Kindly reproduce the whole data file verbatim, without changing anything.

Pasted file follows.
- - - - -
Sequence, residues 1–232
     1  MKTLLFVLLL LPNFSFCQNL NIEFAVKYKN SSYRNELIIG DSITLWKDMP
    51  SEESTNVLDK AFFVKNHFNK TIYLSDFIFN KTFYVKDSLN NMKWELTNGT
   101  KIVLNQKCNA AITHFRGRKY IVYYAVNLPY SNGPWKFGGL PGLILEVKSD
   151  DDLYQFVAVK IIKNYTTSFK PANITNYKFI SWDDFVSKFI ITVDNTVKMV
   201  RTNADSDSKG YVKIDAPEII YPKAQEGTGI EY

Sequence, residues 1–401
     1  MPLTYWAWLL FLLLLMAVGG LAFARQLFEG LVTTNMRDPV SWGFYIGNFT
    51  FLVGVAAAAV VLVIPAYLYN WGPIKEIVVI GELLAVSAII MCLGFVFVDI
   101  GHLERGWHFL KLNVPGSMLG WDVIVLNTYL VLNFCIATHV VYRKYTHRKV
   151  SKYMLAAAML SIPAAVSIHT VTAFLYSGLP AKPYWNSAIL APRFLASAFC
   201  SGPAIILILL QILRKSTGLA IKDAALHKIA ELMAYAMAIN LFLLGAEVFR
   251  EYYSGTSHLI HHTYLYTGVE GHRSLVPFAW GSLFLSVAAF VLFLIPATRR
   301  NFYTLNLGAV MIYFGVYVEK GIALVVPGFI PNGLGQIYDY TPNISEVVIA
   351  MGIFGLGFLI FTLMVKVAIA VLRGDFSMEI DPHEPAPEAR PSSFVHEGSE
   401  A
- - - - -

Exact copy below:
Sequence, residues 1–232
     1  MKTLLFVLLL LPNFSFCQNL NIEFAVKYKN SSYRNELIIG DSITLWKDMP
    51  SEESTNVLDK AFFVKNHFNK TIYLSDFIFN KTFYVKDSLN NMKWELTNGT
   101  KIVLNQKCNA AITHFRGRKY IVYYAVNLPY SNGPWKFGGL PGLILEVKSD
   151  DDLYQFVAVK IIKNYTTSFK PANITNYKFI SWDDFVSKFI ITVDNTVKMV
   201  RTNADSDSKG YVKIDAPEII YPKAQEGTGI EY

Sequence, residues 1–401
     1  MPLTYWAWLL FLLLLMAVGG LAFARQLFEG LVTTNMRDPV SWGFYIGNFT
    51  FLVGVAAAAV VLVIPAYLYN WGPIKEIVVI GELLAVSAII MCLGFVFVDI
   101  GHLERGWHFL KLNVPGSMLG WDVIVLNTYL VLNFCIATHV VYRKYTHRKV
   151  SKYMLAAAML SIPAAVSIHT VTAFLYSGLP AKPYWNSAIL APRFLASAFC
   201  SGPAIILILL QILRKSTGLA IKDAALHKIA ELMAYAMAIN LFLLGAEVFR
   251  EYYSGTSHLI HHTYLYTGVE GHRSLVPFAW GSLFLSVAAF VLFLIPATRR
   301  NFYTLNLGAV MIYFGVYVEK GIALVVPGFI PNGLGQIYDY TPNISEVVIA
   351  MGIFGLGFLI FTLMVKVAIA VLRGDFSMEI DPHEPAPEAR PSSFVHEGSE
   401  A